iJobs Job Widget
iJobs General

Recruitment Genius: Finance Director

£65000 - £80000 per annum: Recruitment Genius: Finance Director required to jo...

Recruitment Genius: Medico-Legal Assistant

£15000 - £25000 per annum: Recruitment Genius: This is a unique opportunity fo...

Ashdown Group: (PHP / Python) - Global Media firm

£50000 per annum + 26 days holiday,pension: Ashdown Group: A highly successful...

The Jenrick Group: Quality Inspector

£27000 per annum + pension + holidays: The Jenrick Group: A Quality Technician...

Day In a Page

Read Next
 

For once, Kerry Katona had the right idea

Dom Joly
Should parents be allowed to take pictures at nativity plays?  

Ghosts of Christmas past: What effect could posting pictures of nativity plays have on the next generation?

Ellen E Jones
The week Hollywood got scared and had to grow up a bit

The week Hollywood got scared and had to grow up a bit

Sony suffered a chorus of disapproval after it withdrew 'The Interview', but it's not too late for it to take a stand, says Joan Smith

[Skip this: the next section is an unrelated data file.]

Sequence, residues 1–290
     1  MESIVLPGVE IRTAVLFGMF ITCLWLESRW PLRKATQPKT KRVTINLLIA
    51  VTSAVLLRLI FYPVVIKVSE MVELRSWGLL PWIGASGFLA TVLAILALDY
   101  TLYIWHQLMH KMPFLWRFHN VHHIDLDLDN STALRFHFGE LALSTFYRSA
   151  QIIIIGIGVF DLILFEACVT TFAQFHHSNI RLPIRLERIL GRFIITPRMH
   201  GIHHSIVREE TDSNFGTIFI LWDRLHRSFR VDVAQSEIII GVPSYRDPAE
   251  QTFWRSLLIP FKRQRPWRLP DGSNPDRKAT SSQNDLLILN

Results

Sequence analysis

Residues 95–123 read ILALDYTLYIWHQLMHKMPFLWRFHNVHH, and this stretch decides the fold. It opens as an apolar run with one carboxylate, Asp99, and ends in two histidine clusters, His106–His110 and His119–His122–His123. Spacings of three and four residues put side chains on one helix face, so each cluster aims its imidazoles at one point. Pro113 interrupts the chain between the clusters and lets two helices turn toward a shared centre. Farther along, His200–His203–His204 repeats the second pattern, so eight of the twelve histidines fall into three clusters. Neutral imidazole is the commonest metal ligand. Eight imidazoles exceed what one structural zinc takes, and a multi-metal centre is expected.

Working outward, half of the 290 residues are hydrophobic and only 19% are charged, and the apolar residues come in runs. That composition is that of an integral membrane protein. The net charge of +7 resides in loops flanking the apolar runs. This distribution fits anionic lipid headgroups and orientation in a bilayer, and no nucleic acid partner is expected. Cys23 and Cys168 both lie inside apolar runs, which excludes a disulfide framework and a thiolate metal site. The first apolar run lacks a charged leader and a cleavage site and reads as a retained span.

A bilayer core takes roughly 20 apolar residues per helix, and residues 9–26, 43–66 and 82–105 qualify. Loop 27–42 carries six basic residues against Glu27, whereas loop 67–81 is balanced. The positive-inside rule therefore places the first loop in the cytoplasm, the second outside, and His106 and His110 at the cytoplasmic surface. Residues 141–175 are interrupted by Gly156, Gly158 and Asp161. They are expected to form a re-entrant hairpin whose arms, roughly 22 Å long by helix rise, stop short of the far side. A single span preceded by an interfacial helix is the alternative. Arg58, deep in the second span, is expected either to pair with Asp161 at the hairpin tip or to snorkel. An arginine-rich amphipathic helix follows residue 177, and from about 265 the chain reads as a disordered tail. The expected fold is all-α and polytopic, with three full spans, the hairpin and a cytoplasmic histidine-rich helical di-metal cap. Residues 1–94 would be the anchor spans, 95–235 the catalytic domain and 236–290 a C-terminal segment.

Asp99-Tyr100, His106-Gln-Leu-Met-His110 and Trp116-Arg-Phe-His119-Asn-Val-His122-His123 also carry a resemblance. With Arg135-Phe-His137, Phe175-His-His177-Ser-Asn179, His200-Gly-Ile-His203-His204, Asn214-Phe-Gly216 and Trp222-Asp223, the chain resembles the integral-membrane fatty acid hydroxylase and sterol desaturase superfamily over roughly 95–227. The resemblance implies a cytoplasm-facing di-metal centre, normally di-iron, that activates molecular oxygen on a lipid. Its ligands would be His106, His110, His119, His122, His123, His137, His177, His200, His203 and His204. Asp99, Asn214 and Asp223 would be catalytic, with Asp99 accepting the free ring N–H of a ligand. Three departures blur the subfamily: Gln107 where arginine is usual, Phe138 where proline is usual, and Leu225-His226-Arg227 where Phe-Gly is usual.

From Widow Twankey to Mother Goose, how do the men who play panto dames get themselves ready for the performance of a lifetime?

Panto dames: before and after

From Widow Twankey to Mother Goose, how do the men who play panto dames get themselves ready for the performance of a lifetime?
Thirties murder mystery novel is surprise runaway Christmas hit

Thirties murder mystery novel is surprise runaway Christmas hit

Booksellers say readers are turning away from dark modern thrillers and back to the golden age of crime writing
Anne-Marie Huby: 'Charities deserve the best,' says founder of JustGiving

Anne-Marie Huby: 'Charities deserve the best'

Ten million of us have used the JustGiving website to donate to good causes. Its co-founder says that being dynamic is as important as being kind
The botanist who hunts for giant trees at Kew Gardens

The man who hunts giants

A Kew Gardens botanist has found 25 new large tree species - and he's sure there are more out there